How a team of 40 engineers helped reelect Barack Obama.
The White House
How Barack Obama decided to green-light the operation that killed Osama bin Laden.
As a young community organizer in Chicago, Barack Obama concluded that to make a real difference, he needed to gain power. A look at how that plan has worked thus far.
How the former Bush advisor is “reengineering the practice of partisan money management in hopes of drumming Barack Obama out of the White House.”
On the complex nature of a presidential second term and what Obama would do if he wins one.
The Watergate reporters look back.
In the course of his five-and-a-half-year presidency, beginning in 1969, Nixon launched and managed five successive and overlapping wars — against the anti-Vietnam War movement, the news media, the Democrats, the justice system and, finally, against history itself. All reflected a mind-set and a pattern of behavior that were uniquely and pervasively Nixon’s: a willingness to disregard the law for political advantage, and a quest for dirt and secrets about his opponents as an organizing principle of his presidency.
On the last weekend of April 2011, two things happened in Washington D.C.: the annual White House Correspondents Dinner and the decision to raid Osama bin Laden’s compound. This is the story of how both transpired.
An artifact from the height of the uproar:
Behind the tawdriest of headlines, there's a woman I wouldn't mind bringing home to mom.
Lessons learned about Washington from investigating how the “grand bargain” fell apart.
Covering a presidential candidate and the people who cover presidential candidates aboard the press buses Bullshit 1 and Bullshit 2 on the 2000 John McCain campaign trail.
From The Longform Guide to the Campaign Trail on Slate.
Inside the relationship between the U.S. and Pakistan:
The U.S. government has lied to itself, and to its citizens, about the nature and actions of successive Pakistani governments. Pakistani behavior over the past 20 years has rendered the State Department’s list of state sponsors of terrorism effectively meaningless.
On the privilege of being then-Vice President George H.W. Bush.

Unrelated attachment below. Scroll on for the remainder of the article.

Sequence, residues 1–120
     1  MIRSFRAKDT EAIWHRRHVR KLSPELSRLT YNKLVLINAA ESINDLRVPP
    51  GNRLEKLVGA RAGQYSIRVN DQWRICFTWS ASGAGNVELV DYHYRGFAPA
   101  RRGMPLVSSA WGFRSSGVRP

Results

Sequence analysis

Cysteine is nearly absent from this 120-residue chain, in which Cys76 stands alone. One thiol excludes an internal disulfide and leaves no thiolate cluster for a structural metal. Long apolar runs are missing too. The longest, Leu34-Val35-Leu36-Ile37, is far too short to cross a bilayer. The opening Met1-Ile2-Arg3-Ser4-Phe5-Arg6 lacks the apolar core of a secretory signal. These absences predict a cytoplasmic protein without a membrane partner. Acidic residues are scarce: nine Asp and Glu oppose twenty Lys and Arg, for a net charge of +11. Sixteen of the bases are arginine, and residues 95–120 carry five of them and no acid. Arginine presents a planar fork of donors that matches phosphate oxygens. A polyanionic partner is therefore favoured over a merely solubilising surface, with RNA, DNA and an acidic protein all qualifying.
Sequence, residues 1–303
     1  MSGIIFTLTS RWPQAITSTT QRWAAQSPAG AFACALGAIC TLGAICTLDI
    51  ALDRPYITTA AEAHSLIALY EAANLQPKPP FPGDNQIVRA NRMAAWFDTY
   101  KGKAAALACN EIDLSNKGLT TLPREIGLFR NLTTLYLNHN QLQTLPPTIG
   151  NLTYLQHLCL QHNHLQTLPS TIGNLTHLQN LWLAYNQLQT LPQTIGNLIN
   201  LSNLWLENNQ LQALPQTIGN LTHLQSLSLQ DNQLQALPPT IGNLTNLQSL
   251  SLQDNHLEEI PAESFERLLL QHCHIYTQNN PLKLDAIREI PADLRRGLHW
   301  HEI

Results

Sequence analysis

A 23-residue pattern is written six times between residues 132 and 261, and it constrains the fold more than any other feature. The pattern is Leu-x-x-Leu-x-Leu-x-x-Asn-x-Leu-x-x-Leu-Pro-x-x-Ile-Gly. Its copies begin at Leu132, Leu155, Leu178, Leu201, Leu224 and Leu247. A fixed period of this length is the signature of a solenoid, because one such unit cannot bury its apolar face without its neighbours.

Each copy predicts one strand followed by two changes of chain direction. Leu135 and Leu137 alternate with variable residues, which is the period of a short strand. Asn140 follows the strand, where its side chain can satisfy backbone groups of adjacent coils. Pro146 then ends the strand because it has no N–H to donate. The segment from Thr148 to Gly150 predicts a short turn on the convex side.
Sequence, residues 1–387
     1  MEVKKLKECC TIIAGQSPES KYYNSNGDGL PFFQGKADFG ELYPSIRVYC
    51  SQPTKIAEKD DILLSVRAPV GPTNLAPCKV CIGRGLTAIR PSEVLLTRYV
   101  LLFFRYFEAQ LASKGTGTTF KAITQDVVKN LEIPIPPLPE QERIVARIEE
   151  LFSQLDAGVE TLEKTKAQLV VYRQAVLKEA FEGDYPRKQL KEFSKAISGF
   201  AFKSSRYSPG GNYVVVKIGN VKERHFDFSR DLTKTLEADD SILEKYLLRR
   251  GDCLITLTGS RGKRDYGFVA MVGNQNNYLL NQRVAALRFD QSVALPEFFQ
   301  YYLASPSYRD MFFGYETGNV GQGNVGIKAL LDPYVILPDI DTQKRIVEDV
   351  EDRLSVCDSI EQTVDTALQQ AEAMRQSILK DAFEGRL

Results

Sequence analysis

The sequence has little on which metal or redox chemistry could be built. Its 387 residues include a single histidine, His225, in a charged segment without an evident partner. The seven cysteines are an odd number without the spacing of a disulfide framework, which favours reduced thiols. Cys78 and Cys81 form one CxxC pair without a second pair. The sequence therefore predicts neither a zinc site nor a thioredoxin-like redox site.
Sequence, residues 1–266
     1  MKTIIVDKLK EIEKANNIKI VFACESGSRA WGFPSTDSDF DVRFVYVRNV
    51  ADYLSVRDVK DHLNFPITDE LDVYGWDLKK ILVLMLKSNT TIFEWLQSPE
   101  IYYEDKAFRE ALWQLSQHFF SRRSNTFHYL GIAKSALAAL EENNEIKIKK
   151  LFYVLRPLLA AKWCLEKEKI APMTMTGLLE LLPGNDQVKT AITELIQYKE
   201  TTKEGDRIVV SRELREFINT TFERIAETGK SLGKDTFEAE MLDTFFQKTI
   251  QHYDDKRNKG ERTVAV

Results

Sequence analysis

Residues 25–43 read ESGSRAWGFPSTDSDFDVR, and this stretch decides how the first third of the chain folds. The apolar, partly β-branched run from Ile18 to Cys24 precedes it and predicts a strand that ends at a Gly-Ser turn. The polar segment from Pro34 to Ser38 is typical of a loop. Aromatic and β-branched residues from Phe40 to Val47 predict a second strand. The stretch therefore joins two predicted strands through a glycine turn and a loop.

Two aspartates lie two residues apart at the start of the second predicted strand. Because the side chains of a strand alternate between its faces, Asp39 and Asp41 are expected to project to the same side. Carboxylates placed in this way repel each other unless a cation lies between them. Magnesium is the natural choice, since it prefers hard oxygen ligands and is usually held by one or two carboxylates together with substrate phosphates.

Why has the White House ignored clemency petitions?
Retracing the early economic steps of the Obama administration.
On witnessing the transformation of George W. Bush over 25 years.
An ex-spook takes on the Warren Commission.
On a decade-long war:
Hackers from many countries have been exfiltrating—that is, stealing—intellectual property from American corporations and the U.S. government on a massive scale, and Chinese hackers are among the main culprits.
The rise and dissolution of the magazine that nearly took down a president.
Inside Obama’s most glaring reversal.
A newly minted, 34-year-old White House budget director gets a little too candid with a reporter profiling him during Ronald Reagan’s first year in office. Among Stockman’s many admissions: “None of us really understands what’s going on with all these numbers.”
A profile of then-First Lady Barbara Bush, published just before the 1992 presidential election. The lede: “Even Barbara Bush’s stepmother is afraid of her.”
Obama’s presidency may well be defined by whether or not he can curb unemployment. Step One: find a decent idea.
A quasi-oral history of the party that was JFK’s 1961 inauguration.
The story of John F. Kennedy’s assassination, written and published the following week.
A profile of Valerie Plame and Joe Wilson, published at the height of the controversy.
Are we at war? The U.S. government’s evolving response to cyber security and its impact on privacy.
A profile of Joe Biden, whose political stock has continued to rise even as his boss’s falls.
A profile of the man who helped invent the modern art of presidential spin and came to embody the blurry line between journalist and government official.
Frank Rich on The Promise, Jonathan Alter’s book about the first year of the Obama administration.
Carl Malamud is on a quest to change the way average citizens can interface with the government – by scanning its paperwork and making it available free online. And he’s financing his effort with his own credit cards.
The founding fathers deserve at least some of the blame for the worst presidencies in American history—they created an office that’s vaguely defined and ripe for abuse. Plus: how to fix it.
Today, Abraham Lincoln’s struggle with clinical depression would make him “unfit for office.” Back then, it was the key to his presidency.